‘Mini-offseason’ created by injury helped Darius Bazley make a jump

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When second-year forward Darius Bazley returned to the court after missing almost a month of games due to a shoulder injury, he looked like a better player.

Over his first 36 games, he averaged 11.9 points and shot 39.2% on 11.2 field goal attempts per game.

At that point, March 5, the All-Star break began. At some time during that week off, Bazley suffered an injury on his shooting arm. It was initially called a shoulder contusion, but he later clarified that it was a fractured scapula.

Bazley missed 16 games from March 11 to April 10, but he came back like a changed offensive player. He averaged 17.2 points while slightly increasing his shooting percentage to 40.1%, but he did so on 15.1 field goal attempts over his 19 games post-injury.

General manager Sam Presti said the month away from games was like a “mini-offseason” for the forward.

“He got tremendous, consistent work both physically and skill-wise, and that’s work he wasn’t able to get in the offseason,” Presti said. “He actually got, like, almost like a mini-offseason during the injury, and I think that’s one of the reasons he finished the season so strongly.”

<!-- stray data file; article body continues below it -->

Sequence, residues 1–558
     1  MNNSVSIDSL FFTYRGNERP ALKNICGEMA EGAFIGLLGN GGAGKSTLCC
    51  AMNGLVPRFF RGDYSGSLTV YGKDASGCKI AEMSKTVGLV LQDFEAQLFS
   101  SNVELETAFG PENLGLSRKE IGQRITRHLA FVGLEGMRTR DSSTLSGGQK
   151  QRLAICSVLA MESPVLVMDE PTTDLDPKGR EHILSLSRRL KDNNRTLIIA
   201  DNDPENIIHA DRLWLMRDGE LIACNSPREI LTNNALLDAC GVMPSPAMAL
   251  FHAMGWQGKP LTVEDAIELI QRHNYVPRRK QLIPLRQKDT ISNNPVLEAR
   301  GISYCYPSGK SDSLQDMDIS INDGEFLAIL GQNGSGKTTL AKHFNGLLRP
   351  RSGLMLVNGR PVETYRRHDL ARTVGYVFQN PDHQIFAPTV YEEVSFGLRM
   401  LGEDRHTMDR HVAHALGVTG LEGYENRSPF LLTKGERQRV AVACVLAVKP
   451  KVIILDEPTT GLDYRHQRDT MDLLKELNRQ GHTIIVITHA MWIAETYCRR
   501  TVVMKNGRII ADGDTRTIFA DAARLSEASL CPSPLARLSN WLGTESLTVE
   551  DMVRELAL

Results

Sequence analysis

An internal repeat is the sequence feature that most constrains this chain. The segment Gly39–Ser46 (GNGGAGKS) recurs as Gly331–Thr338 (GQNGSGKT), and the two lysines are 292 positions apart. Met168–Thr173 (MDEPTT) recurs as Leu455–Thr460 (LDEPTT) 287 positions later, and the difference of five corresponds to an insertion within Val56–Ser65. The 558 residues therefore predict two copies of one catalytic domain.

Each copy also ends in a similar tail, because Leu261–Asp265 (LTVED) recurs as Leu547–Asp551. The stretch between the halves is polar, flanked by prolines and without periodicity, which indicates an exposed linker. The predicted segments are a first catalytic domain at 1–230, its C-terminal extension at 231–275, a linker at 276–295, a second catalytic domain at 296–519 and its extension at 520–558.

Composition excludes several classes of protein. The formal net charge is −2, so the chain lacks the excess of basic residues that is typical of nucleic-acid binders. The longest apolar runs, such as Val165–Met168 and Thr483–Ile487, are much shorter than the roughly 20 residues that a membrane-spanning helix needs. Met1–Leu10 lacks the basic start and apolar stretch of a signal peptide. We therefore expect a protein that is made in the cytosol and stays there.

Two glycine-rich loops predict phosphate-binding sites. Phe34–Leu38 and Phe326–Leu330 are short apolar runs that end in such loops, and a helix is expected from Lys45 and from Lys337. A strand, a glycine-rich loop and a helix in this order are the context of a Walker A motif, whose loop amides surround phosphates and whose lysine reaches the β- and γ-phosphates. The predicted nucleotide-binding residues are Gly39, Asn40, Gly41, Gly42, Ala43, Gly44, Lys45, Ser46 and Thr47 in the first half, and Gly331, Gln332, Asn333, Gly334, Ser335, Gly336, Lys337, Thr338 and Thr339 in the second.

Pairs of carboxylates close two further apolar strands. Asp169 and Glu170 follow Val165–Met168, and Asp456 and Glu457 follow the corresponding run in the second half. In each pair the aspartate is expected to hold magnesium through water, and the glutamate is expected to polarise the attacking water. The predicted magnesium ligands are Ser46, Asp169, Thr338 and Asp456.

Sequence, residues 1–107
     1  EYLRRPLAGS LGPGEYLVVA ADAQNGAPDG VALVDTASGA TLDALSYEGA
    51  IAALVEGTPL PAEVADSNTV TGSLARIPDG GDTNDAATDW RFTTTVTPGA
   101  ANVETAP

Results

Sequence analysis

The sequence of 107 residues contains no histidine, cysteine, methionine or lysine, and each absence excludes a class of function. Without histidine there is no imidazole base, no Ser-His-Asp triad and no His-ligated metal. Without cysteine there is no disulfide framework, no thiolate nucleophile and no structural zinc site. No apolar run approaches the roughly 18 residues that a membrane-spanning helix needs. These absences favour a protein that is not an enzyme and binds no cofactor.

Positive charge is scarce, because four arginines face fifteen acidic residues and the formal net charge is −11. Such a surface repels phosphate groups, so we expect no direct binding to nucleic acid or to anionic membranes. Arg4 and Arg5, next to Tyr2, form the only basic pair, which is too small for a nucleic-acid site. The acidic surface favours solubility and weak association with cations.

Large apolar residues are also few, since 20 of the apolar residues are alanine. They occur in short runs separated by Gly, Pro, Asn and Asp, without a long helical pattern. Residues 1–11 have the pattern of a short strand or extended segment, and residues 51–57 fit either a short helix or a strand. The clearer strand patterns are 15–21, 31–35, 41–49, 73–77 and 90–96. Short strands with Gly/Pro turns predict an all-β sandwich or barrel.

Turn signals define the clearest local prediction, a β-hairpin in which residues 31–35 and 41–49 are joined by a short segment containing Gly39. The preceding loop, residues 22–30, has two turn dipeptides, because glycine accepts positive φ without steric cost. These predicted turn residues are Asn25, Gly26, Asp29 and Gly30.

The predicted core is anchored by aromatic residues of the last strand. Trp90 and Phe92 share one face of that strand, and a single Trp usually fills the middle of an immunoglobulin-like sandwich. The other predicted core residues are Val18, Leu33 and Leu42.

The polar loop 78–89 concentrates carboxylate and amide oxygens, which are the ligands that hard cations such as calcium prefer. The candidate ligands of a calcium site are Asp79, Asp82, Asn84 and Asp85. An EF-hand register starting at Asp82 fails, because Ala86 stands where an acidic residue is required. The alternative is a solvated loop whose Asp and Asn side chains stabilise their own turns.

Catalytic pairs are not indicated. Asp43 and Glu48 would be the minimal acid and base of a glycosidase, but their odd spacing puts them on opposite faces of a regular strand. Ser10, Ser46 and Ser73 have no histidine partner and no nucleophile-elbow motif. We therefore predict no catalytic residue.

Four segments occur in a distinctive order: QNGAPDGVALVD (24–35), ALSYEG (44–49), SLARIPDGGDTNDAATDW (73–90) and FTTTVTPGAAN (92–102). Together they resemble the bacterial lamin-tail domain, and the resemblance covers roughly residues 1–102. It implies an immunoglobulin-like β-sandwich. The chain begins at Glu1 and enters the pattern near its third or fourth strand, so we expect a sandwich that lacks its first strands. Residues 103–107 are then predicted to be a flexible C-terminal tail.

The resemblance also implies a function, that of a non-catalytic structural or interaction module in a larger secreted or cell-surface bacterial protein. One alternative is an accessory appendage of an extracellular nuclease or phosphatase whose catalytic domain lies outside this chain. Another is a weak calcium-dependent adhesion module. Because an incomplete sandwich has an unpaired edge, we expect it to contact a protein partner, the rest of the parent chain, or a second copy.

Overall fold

As he entered his second season, Bazley did not get a regular training camp or preseason. With changes to the league schedule caused by the coronavirus and end-of-season bubble tournament and playoffs, offseason activities were rushed to start the 2020-21 season.

That month in which he was forced away from games and struggling to shoot due to pain in his left shoulder allowed him time to develop and train.

One of the key areas on offense that Bazley improved was his ability to drive to the rim. He showed a spin move he didn’t pull out often before. Coupled with his length, which allows effective Eurosteps, he got to the rim off drives better and more often.

His efficiency needs to improve. Forty percent shooting is not a number that frightens defenses. But after some down stretches in the first half of the season, his play at the end was promising.

“He took a huge jump, but there were parts of the season where he was plateaued a little bit,” Presti said. “So much credit to that guy to embrace the plateau, to fight through that, to recognize there’s another jump coming if you continue to stick to those habits and stick to the mentality that we’ve worked with him on, and he got a big boost.”

This post originally appeared on OKCThunderWire. Follow us on Facebook!

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Darius Bazley is naturally right-handed, learned to play basketball with his left